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Critique of Empire -- More Travel Stories

Blogging from New York City

Last Thursday I flew to Hartford, Connecticut. My first time in that city/state and even the first time in New England. I was there attending the 26th General Synod of the United Church of Christ. A handful of folk I knew were there, and I enjoyed hanging out with them. Speakers at the synod included Bill Moyers, Walter Brueggemann, Barak Obama, Lynn Redgrave. Highlights of the trip included the Wadsworth Athenauem (the oldest public art museum in the US), Sunday brunch at an old mill restaurant on the Podunk River, just outside of the city, and spending a full day with my friend Brian Kovacs, who now lives in Providence, RI and drove over for the day. I'm sure I'll blog in more detail when I get home a week from today.

Yesterday, my first full day in NYC, I wondered around Central Park. Saw the penguins at the Central Park Zoo. Went to the Guggenheim and really enjoyed the exhibition there. And spent 2 1/2 hours at the Natural History Museum, primarily to visit the Hayden Planetarium. It was quite nice. Last night Mekado took me to the advance screening of a film.

I've had trouble sleeping the last two nights, so I'm getting a really late start to my day today and think I'll probably just take it easy today anyway.

I really need to cry, but am unable to and know that I won't be able to for seven more days, until I get home. And that's an exhausting prospect.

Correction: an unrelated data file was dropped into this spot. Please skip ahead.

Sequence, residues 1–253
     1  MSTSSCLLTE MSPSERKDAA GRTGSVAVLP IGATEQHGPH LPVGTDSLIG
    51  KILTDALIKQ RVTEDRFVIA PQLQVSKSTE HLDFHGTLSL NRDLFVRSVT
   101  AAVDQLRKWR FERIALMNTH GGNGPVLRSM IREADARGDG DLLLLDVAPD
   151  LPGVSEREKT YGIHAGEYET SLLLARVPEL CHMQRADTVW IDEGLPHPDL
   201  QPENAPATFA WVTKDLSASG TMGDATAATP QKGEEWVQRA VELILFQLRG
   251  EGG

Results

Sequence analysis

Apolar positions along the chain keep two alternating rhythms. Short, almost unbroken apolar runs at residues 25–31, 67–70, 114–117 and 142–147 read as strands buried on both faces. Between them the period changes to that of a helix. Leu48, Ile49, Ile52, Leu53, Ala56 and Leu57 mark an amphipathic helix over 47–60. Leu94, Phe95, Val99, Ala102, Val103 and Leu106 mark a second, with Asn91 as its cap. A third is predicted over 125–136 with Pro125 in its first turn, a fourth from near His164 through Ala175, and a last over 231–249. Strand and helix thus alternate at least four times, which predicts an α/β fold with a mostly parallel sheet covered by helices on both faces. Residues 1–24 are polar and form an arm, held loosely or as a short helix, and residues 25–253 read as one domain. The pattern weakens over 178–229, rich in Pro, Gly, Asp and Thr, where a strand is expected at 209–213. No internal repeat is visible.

Comments

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Scott

I did cry yesterday morning. Finally. And hte catharsis was good.

Phil

After reading your post about "needing to cry," I was puzzled at how attuned you were to knowing that you needed that particular type of emotional release. I realized that I had been needing something like that lately, as well. It happened for me last night.

The trigger was watching a National Geographic program called (of all things!) Inside the Green Berets--you can chuckle, here.

But, it told the story of a unit in Afghanistan with an embedded team of NG journalists and their daily forays into the towns in Afg. They were ambushed one evening and one of the vehicles was blown up, killing several in the party. During the taped memorial and seeing that flag draped coffin, I just lost it. Afg. is becoming known as "The Forgotten War." It's the one that Jeff, my bro-in-law, "fought" in and lost friends to. I guess all that came rushing home, colliding with other emotions that I've been feeling. It was a nice release.

Scott

See you tomorrow Phil.

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